Linear Leadership Academy


A week has passed since the Martin Luther King Neighborhood Association dissolved the Linear Leadership Academy board, leaving more questions than answers about what is ahead for the Shreveport charter school and who is in charge.

That isn't the only issue.

Who will run the school come August and how this will affect students and staffing at Linear are in question. The contract between New York-based EdisonLearning and the association was terminated because the school is projected to have a deficit of $300,000 to $350,000, according to an official notice from EdisonLearning. The company has not reclaimed operations at the school, and association President Wilbert Williams won't give specifics about the negotiations.

Repeated calls to Williams were not returned, but he has said his organization will not operate Linear…

"The Department of Education and BESE (state Board of Elementary and Secondary Education) authorized this charter, and if Linear comes to an agreement with Edison, no action needs to be taken," said Rene Greer, the education department's communications director. "It's a community-driven leadership governance style. If that board or that charter organization feels like there needs to be changes and there are challenges, then they need to address those."

Added Chris Meyer, special adviser to state Superintendent Paul Pastorek, "All we are responsible for is understanding who is running the school. We have not been officially notified that any relationship between Edison and the neighborhood association is over with. We were informed the board governing Linear has been dissolved," and "the MLK Neighborhood Association is putting together a new board at the school…

Decisions made in the coming weeks could affect management at Linear, staffing and whether the school will continue operating under the current charter. School is set to start mid-August.

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It took less than 10 minutes for Linear Leadership Academy's board to hear and digest the news Wednesday evening that their services were no longer needed.

Three of the board's six members were notified after hearing a memo from the Martin Luther King Neighborhood Association stating the charter's board would be dissolved, effective Wednesday.

"That board that is in place really tries to run everything, and that's the problem," said Wilbert Williams, board chairman of the neighborhood association. "We put the board in place, but we didn't think it would turn out the way it did."

As the charter holder, the neighborhood association has the authority to oust the board, said Williams, who added that the association's five-member board would take over temporarily.

The drastic change came on the same day the charter's education management company, EdisonLearning, terminated its contract.

Depending on whom you ask, you'll get a different answer about why the New York-based company packed up and left town this week.

Projected lack of finances and disagreements in management style and leadership between EdisonLearning and the board are among the varying responses…

In an official notice from EdisonLearning to the neighborhood association, the company projected the school will have a deficit of about $300,000 to $350,000. And under Linear's charter contract, "if the charter holder is unable to cure a budget variance by the last day of the school year" EdisonLearning can terminate the agreement.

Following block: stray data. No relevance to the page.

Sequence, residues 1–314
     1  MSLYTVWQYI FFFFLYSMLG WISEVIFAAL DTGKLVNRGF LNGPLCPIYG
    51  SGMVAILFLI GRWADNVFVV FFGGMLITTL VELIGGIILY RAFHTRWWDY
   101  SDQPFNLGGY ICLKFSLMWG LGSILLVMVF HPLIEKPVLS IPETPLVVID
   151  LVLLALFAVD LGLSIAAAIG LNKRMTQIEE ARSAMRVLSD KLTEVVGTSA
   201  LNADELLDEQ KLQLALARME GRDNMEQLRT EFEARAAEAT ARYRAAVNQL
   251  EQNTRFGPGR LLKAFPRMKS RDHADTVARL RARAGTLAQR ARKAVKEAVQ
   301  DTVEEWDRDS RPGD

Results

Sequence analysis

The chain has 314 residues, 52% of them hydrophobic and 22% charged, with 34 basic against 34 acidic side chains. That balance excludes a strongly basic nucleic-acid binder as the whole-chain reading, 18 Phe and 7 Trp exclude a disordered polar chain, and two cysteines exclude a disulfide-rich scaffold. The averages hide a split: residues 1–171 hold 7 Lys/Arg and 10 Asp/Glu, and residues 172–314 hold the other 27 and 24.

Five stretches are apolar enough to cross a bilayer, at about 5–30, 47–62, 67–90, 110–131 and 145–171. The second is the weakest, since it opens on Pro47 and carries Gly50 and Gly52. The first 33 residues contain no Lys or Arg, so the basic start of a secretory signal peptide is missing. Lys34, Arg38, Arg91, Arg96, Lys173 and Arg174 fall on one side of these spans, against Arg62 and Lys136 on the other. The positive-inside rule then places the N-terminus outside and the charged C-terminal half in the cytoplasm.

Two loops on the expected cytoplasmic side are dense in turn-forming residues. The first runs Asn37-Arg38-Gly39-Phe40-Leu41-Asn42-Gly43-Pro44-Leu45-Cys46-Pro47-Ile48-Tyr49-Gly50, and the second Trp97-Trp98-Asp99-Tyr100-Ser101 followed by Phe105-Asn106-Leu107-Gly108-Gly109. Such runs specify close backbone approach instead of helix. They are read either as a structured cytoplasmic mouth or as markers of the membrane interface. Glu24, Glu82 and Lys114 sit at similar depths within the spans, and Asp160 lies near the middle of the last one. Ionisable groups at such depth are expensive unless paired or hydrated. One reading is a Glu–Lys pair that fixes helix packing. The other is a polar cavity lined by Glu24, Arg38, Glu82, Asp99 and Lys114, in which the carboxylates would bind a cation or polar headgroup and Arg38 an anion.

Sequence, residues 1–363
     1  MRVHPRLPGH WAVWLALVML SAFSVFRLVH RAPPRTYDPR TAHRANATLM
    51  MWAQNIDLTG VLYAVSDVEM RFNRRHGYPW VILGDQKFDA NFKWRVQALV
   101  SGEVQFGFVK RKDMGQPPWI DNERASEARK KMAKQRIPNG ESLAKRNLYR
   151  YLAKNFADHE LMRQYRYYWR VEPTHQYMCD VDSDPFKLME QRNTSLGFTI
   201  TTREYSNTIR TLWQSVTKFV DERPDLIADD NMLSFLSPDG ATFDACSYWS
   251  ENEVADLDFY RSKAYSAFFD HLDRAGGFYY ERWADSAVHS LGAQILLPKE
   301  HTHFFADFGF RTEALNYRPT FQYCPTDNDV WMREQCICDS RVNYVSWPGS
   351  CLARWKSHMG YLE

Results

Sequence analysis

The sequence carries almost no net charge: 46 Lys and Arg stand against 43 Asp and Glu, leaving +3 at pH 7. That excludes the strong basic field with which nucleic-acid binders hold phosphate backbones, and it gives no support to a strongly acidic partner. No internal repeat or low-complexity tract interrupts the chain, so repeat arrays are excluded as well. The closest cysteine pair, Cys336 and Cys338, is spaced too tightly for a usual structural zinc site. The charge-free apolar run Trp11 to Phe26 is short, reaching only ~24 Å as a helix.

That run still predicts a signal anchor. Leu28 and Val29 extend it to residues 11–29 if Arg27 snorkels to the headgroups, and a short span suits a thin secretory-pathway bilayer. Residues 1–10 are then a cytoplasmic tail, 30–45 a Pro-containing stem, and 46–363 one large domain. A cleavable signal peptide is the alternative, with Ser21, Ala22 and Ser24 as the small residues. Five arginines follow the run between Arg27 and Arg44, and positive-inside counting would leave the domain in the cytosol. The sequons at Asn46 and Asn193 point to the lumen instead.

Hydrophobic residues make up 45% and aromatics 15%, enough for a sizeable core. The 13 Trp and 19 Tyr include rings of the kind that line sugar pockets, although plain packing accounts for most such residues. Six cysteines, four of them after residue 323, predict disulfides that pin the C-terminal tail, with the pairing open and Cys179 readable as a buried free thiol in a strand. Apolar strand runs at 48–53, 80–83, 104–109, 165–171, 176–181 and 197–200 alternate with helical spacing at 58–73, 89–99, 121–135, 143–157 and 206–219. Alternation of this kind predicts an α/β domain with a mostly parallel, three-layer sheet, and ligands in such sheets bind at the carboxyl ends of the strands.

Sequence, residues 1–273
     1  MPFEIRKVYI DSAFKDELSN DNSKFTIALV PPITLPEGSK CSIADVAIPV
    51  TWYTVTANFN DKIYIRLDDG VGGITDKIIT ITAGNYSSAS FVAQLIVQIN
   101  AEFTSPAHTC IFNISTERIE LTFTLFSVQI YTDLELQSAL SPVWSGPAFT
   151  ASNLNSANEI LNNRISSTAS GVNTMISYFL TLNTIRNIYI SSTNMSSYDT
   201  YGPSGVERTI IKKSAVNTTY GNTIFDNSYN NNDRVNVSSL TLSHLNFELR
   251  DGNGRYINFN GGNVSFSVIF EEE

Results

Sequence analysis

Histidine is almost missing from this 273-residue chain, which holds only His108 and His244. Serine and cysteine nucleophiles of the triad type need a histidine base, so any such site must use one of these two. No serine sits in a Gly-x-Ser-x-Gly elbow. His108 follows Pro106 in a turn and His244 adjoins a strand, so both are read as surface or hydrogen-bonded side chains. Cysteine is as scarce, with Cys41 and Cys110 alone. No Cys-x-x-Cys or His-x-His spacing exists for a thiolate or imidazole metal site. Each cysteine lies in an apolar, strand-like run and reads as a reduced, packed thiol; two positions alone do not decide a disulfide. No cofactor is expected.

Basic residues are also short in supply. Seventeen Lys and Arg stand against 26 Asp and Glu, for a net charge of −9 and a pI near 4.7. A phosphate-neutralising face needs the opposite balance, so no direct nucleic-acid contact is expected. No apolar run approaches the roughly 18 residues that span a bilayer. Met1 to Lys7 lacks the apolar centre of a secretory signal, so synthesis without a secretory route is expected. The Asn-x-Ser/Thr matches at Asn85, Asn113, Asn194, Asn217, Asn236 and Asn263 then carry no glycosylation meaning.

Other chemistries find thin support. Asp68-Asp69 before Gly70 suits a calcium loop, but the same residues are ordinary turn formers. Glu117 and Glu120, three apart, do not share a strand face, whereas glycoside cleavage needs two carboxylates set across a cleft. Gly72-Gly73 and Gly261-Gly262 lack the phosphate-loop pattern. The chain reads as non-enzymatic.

State and federal money are the largest funding sources for the public charter school, and the $2.3 million Linear received in Minimum Foundation Program funding from the state was adjusted for a decrease in enrollment. Unless the charter can increase enrollment, which dropped from 273 last fall to 240 at the end of the year, state funding will continue to decrease.

According to the charter school contract, the state Board of Elementary and Secondary Education, EdisonLearning's management fees were set at $400,000 for the 2009-10 year and would increase by $50,000 each year, up to $650,000 for the 2013-14 year…

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SHREVEPORT, La -- Shreveport charter school Linear Leadership Academy is hoping to mend its relationship with Edison Learning, the company in charge of administrative duties at the north Shreveport school. The company is threatening to break its contract because of money issues.

Linear expects a $300,000 deficit next year because of declining enrollment and there are concerns Edison might not get full payment. Edison charged $450,000 for its service during the 2009-2010 school year.

Edison has sent notice it will not renew its three-year contract with the school and could pull out before the contract expires in two years.

Linear Principal Bill Minix is confident the school could continue operating without Edison on board.

"Those resources could be used more for the children and at the end of the day this school will receive enough funding through MFP (Minimum Foundation Program) funding and through other federal grants to run the school."

When Linear became a charter school last summer, the MLK Neighborhood Association hired Edison Learning to be in charge of things like setting curriculum, paying teachers and implementing monthly student assessments.

Edison and the school are meeting all week to try to solve their differences.

If Edison decides to go ahead and break its contract, the neighborhood association would have to go to the Board of Elementary and Secondary Education to get its charter reapproved.

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